I think Martin Luther said it well in his famous hymn “A Mighty Fortress Is Our God”: “For still our ancient foe doth seek to work us woe – his craft and power are great, and, armed with cruel hate, on earth is not his equal.”

There is one weapon in particular that may be his most potent of all. Sometimes we don’t even know he is using it on us when, in fact, he is doing so with great effect. I’m talking about the tactic of compromise.

I think more people have been brought down by compromise than by all other sins put together.

We see this illustrated in a familiar story from the Old Testament, the story of Moses taking the children of Israel out of bondage in Egypt. God had made it very clear to Moses that he was to go and free the Israelites, who were being held there as slaves. God also told Moses that Pharaoh would not be very agreeable toward this proposition and would resist him.

God brought a series of 10 successive plagues against Pharaoh and the Egyptians. Each one grew in intensity. But instead of responding to these plagues and repenting, Pharaoh’s heart grew harder and harder.

The Egyptians worshiped many gods. They believed the animals were gods. They believed the Nile River, which was their source of life, was also a god. They believed that practically everything and everyone was a god.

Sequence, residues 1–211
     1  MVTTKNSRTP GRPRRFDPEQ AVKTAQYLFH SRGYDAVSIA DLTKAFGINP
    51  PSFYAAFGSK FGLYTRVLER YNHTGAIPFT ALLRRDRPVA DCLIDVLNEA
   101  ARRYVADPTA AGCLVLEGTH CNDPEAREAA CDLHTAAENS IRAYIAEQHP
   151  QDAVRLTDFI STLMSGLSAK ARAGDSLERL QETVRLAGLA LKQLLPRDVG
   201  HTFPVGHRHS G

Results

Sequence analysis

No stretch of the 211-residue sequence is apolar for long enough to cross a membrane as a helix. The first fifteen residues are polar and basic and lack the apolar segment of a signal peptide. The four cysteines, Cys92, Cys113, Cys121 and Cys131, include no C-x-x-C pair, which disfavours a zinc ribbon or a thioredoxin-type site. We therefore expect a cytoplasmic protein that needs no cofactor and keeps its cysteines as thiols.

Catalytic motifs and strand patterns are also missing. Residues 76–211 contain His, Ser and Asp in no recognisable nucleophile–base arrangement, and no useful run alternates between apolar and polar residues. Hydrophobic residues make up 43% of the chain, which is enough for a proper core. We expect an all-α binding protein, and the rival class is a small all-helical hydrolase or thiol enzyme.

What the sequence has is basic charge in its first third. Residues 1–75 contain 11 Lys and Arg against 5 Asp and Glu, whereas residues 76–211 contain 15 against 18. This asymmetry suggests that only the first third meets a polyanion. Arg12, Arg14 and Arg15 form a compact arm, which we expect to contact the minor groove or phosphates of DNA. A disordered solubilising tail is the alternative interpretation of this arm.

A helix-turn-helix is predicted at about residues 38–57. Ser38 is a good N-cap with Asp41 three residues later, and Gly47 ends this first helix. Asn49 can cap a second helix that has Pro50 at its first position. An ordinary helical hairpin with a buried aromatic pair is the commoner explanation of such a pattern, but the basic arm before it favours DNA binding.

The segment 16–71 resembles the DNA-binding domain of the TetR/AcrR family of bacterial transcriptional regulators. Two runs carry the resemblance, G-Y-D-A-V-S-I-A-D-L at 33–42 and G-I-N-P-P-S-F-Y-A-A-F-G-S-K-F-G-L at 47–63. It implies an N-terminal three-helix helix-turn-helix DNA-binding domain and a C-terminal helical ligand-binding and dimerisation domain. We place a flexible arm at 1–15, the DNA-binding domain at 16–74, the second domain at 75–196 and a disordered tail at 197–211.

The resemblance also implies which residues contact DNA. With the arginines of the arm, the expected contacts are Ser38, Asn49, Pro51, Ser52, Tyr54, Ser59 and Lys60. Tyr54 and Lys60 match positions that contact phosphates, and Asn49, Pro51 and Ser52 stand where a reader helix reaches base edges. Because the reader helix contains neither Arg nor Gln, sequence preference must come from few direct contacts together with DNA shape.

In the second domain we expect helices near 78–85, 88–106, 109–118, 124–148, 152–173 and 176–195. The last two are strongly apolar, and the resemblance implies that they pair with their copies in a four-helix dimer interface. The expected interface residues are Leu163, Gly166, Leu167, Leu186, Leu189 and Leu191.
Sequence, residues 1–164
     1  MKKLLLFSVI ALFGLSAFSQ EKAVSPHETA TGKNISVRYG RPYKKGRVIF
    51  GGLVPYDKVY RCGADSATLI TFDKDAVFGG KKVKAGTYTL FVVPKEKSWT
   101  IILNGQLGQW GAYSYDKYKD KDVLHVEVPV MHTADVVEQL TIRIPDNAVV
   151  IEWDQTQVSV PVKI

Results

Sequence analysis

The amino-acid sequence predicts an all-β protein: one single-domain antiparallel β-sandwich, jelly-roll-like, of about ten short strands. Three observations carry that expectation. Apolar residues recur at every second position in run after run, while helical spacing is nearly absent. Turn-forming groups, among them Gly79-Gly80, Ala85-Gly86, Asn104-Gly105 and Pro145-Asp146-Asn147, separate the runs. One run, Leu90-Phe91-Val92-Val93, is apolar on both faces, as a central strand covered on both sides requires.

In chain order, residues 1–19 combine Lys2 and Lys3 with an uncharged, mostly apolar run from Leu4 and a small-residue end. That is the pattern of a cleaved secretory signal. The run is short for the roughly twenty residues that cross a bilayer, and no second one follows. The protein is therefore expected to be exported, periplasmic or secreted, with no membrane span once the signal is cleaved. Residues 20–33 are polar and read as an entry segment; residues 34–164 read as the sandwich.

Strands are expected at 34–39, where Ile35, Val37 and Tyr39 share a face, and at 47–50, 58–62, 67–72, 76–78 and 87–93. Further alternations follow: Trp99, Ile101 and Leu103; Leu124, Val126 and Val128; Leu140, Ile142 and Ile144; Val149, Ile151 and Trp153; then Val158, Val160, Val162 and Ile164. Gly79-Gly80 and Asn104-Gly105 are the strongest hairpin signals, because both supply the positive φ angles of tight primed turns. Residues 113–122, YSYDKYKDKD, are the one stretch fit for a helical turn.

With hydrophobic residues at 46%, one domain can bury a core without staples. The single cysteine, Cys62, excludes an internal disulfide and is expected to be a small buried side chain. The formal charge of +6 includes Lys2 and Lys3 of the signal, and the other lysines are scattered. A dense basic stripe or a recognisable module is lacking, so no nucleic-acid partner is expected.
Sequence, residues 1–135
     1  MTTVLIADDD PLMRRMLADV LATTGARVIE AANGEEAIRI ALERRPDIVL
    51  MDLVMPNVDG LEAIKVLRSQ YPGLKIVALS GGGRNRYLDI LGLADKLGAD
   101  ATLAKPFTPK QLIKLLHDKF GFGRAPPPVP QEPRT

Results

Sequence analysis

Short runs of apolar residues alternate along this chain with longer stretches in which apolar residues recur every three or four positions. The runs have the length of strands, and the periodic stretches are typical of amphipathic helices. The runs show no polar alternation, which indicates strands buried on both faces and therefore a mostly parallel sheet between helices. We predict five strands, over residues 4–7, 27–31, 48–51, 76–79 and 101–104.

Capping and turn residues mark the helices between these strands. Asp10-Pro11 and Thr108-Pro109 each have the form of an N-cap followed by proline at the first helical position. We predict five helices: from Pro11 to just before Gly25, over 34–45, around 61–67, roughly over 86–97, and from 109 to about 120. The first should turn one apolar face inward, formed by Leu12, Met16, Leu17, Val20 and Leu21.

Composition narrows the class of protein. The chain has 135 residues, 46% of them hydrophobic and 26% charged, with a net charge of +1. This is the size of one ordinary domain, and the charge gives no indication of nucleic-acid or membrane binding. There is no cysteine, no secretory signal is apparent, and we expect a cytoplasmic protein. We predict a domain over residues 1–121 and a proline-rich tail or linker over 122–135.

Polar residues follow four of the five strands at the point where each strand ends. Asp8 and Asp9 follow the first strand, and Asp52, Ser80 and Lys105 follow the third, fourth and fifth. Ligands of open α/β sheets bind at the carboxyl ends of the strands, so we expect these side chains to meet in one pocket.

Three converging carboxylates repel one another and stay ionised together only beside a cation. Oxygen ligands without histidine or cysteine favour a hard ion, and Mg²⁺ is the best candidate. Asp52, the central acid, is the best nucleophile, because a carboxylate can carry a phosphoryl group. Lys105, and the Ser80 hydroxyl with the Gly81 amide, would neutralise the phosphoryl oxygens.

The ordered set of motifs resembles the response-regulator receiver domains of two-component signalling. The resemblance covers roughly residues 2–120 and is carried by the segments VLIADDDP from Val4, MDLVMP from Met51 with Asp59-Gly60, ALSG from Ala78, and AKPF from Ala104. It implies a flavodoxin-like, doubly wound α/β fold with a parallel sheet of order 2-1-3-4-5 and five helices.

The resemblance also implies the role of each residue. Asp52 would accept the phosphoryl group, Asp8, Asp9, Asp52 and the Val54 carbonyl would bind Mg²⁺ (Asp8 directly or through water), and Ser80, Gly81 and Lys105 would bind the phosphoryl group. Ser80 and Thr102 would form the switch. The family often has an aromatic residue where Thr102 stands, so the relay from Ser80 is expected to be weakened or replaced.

God brought a series of 10 successive plagues against Pharaoh and the Egyptians. Each one grew in intensity. But instead of responding to these plagues and repenting, Pharaoh’s heart grew harder and harder.

The Egyptians worshiped many gods. They believed the animals were gods. They believed the Nile River, which was their source of life, was also a god. They believed that practically everything and everyone was a god.

It’s ironic that the various plagues God brought against the Egyptians essentially were their gods, if you will, turning against them. They had a plague of lice. They had a plague of frogs. They had the Nile River turn to blood. Still, they would not respond to what God was trying to say. Pharaoh’s heart simply grew harder and harder and harder.

It’s a reminder to us of how hard our hearts can become as well. God is trying to do a work in us, but we resist that work so our hearts grow more calloused.

It’s sort of like the beginning of summer when you decide to go to the beach. You pull off your socks and shoes and step onto blazing hot sand. You run toward your spot, but you have to stop and camp out on someone’s towel for a minute. Then you go to another towel and another one. Finally you lay out your own towel.

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